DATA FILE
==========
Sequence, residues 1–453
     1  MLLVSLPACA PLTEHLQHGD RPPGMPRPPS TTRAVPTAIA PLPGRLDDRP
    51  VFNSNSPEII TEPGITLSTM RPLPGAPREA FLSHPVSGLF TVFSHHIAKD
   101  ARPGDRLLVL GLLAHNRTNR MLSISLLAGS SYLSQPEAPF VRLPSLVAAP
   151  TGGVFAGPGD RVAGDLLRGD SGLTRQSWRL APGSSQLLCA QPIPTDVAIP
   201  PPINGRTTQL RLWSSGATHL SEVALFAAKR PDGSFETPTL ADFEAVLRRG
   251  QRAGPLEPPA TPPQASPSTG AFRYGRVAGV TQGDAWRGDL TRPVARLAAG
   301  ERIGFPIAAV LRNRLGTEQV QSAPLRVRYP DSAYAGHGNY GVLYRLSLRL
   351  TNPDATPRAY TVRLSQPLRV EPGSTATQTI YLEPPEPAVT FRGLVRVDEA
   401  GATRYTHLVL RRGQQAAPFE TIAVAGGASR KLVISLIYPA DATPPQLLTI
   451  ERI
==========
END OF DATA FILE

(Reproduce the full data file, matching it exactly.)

Sequence, residues 1–453
     1  MLLVSLPACA PLTEHLQHGD RPPGMPRPPS TTRAVPTAIA PLPGRLDDRP
    51  VFNSNSPEII TEPGITLSTM RPLPGAPREA FLSHPVSGLF TVFSHHIAKD
   101  ARPGDRLLVL GLLAHNRTNR MLSISLLAGS SYLSQPEAPF VRLPSLVAAP
   151  TGGVFAGPGD RVAGDLLRGD SGLTRQSWRL APGSSQLLCA QPIPTDVAIP
   201  PPINGRTTQL RLWSSGATHL SEVALFAAKR PDGSFETPTL ADFEAVLRRG
   251  QRAGPLEPPA TPPQASPSTG AFRYGRVAGV TQGDAWRGDL TRPVARLAAG
   301  ERIGFPIAAV LRNRLGTEQV QSAPLRVRYP DSAYAGHGNY GVLYRLSLRL
   351  TNPDATPRAY TVRLSQPLRV EPGSTATQTI YLEPPEPAVT FRGLVRVDEA
   401  GATRYTHLVL RRGQQAAPFE TIAVAGGASR KLVISLIYPA DATPPQLLTI
   451  ERI